Wednesday, January 09, 2008

Hot Lentil Soup with Greens: great for cold weather

Despite a delightful January thaw with Atlanta temperatures in the low 70s, it will soon be cold and raw again. That's when soups at our deli, "Donderos' Kitchen", sell well. The reason I'm starting this post tonight is because despite the warm weather the friend I was supposed to have a beer with awoke this morning with fever and a flu-like illness. So much for the warm weather! Soup seems made for cold weather and for when feeling under the weather. But no excuse is needed for good, easily made soup.

This particular one is from the eastern Mediterranean. It's Lebanese, but similar concoctions are made throughout the region. It's amazingly tasty despite containing neither meat nor dairy, and it's even low in fat and calories, economical, and very nourishing. Delicious, nutritious, cheap, healthy, virtuous, and easy -- too good to be true? In this case it is true.

This fine Arab soup fits with the Advent and Lenten traditions of the Eastern Orthodox Church in Lebanon, Syria, and Palestine. (Advent is just past, since the Orthodox Christmas was two days ago.) During those periods meat and dairy products are not permitted. But plenty of Muslims, Jews, and less strict Christians eat this soup too, and at all times of the year. And I might add that in the university city of Athens, Georgia, many or our customers at Donderos' Kitchen happily eat this and other "vegan" soups, sometimes without realizing that there is no meat in them. Part of why this one tastes "meaty" is the cinnamon.

There is an easy "trick" to making this. The American tan-green lentils have a slight "muddy" flavor. I blanch them first -- see the recipe -- to eliminate this muddiness and brighten the flavor, while losing none of the valuable protein or fiber. The recipe serves six with leftovers. In fact it is better made ahead and rewarmed for serving. A little swirl of extra virgin olive oil and a sprinkling of minced parsley on top of the soup when served gives a nice highlight.

Not that soup needs a wine, but if you are having this with a crusty warm bread with olive oil for supper, a medium-bodied dry red would go well, such as a Spanish Rioja, other Spanish Tempranillo or Garnacha wine, an Italian red, or a California Merlot or Syrah.

Lentil Soup with Greens Tim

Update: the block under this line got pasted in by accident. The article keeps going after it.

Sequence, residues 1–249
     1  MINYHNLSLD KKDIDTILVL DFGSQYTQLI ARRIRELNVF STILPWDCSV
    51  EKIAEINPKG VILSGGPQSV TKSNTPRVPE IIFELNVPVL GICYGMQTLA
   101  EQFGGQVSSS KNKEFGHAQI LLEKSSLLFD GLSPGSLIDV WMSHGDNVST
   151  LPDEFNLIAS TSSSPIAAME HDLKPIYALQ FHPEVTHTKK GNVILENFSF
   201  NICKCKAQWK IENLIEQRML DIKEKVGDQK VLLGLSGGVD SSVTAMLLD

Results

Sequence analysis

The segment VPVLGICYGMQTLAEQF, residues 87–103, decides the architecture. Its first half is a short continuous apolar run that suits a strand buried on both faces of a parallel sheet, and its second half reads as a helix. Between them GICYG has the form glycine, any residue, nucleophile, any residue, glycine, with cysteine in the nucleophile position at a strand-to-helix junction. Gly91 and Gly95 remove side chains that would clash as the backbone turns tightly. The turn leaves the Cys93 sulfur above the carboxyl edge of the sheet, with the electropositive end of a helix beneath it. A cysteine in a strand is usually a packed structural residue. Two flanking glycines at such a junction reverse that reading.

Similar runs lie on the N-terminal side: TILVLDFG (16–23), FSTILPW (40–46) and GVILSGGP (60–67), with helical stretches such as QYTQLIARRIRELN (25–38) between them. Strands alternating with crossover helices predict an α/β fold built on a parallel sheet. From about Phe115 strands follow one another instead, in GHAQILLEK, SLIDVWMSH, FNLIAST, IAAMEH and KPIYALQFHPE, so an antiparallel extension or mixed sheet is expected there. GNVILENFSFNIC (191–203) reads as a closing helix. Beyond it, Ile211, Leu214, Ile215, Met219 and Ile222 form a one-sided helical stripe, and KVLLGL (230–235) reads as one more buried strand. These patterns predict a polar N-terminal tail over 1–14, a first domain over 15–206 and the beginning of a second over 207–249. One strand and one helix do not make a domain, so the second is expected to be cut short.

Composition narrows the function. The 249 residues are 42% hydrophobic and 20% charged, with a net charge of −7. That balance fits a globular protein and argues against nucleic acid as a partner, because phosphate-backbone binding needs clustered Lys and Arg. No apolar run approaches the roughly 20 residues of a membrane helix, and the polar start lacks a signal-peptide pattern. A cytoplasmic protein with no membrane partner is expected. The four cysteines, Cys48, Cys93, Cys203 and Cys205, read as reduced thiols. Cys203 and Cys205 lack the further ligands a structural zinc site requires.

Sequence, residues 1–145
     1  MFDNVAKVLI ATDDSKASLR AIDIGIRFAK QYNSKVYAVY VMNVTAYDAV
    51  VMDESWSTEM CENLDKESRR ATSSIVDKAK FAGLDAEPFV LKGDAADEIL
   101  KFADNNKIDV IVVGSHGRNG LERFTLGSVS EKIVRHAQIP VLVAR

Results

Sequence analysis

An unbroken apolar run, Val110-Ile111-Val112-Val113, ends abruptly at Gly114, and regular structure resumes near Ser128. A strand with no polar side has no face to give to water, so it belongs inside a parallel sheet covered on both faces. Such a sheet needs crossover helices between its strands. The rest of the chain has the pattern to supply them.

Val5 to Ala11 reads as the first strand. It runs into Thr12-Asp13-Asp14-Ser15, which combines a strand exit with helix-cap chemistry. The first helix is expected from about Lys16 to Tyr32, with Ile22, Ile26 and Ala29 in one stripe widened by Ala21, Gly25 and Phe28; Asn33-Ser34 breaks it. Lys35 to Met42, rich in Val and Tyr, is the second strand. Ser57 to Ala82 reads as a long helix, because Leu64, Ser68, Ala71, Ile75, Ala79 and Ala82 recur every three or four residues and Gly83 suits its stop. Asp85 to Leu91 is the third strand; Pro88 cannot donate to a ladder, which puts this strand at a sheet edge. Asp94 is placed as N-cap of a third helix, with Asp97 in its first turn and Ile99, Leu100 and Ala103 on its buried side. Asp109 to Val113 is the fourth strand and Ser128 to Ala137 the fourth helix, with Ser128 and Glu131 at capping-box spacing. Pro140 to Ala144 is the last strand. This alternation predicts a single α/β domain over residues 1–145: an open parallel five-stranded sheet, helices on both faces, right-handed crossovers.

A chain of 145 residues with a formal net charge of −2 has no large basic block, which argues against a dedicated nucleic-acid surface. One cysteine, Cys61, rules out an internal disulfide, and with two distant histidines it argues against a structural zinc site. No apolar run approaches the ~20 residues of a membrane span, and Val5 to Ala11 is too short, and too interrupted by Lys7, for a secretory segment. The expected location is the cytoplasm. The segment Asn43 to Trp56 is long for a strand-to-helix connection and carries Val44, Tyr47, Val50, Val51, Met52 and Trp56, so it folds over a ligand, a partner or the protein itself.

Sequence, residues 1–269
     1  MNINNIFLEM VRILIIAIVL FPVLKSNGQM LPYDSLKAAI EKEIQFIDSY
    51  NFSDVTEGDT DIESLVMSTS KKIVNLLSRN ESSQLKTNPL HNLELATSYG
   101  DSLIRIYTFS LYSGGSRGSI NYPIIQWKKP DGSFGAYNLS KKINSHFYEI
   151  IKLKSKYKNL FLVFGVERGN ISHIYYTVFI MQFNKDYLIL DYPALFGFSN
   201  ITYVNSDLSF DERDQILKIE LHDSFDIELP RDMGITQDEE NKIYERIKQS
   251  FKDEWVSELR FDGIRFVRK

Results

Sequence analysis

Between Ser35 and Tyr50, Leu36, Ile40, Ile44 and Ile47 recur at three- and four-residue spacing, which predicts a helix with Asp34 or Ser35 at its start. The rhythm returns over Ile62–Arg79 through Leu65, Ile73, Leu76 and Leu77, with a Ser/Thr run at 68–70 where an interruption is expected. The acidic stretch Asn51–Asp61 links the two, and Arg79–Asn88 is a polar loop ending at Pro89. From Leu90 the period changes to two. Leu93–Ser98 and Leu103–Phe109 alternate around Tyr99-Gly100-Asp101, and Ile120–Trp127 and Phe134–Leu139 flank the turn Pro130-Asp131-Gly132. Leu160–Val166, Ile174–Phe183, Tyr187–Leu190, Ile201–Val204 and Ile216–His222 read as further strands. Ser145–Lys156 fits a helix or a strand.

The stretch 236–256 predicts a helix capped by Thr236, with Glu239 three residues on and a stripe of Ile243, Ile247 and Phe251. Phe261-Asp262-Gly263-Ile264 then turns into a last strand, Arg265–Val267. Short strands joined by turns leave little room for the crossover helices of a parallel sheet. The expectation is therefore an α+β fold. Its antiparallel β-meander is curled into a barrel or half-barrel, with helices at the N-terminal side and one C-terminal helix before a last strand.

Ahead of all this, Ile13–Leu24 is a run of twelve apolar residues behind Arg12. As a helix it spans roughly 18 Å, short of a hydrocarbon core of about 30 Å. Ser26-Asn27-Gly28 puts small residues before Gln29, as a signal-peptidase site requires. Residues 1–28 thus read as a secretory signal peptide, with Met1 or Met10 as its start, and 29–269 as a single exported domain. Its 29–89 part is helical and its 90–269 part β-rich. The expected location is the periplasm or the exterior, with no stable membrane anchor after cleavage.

1 pound dry tan or green lentils
1 large bay leaf
1 large onion
2 large carrots
1 medium stick celery
2 cloves garlic
3 tablespoons olive oil
2 teaspoons oregano
1 teaspoon cinnamon
3/4 teaspoon black pepper
1/8 teaspoon cayenne
1-1/2 teaspoons salt plus to taste
3/4 pound fresh or chopped frozen greens (kale, spinach or Swiss chard)
3 tablespoons minced parsley
3 tablespoons freshly squeezed lemon juice
Extra olive oil and minced parsley for garnish

Pick over and rinse the lentils. In an uncovered pot bring them to a boil in water several inches above the level of the lentils. Immediately drain (this eliminates the “muddy” flavor of American lentils and does not appreciably reduce the protein value of the soup). Add water to cover the lentils by about 3 inches, and bring them back to a boil. Skim off any foam. Add the bay leaf and simmer until lentils are tender, about 25-30 minutes.

Meanwhile, dice the onion, carrots, and celery, and mince the garlic. Fry these gently in the olive oil until the onion becomes limp and translucent. Add the fried vegetables to the simmering lentils, along with the oregano, cinnamon, pepper, and cayenne. Stir from time to time until the lentils are tender and start to break up (10-20 minutes), skimming off any foam that collects. Add a little water if necessary to keep the mixture from becoming thick. Add 1-1/2 teaspoons of salt, then more as necessary.

Clean the greens, if fresh, and chop coarsely. Add the fresh or frozen (unthawed) greens to the soup once the lentils are tender. Simmer until the greens are tender and lose their bright green color. Taste the soup and add salt as needed. Toward the end of cooking add the minced parsley. The soup is best if made ahead and stored before serving. Reheat, taste and adjust salt. Just before serving, stir in the lemon juice. When serving, drizzle the soup with some olive oil and sprinkle on a little minced parsley.


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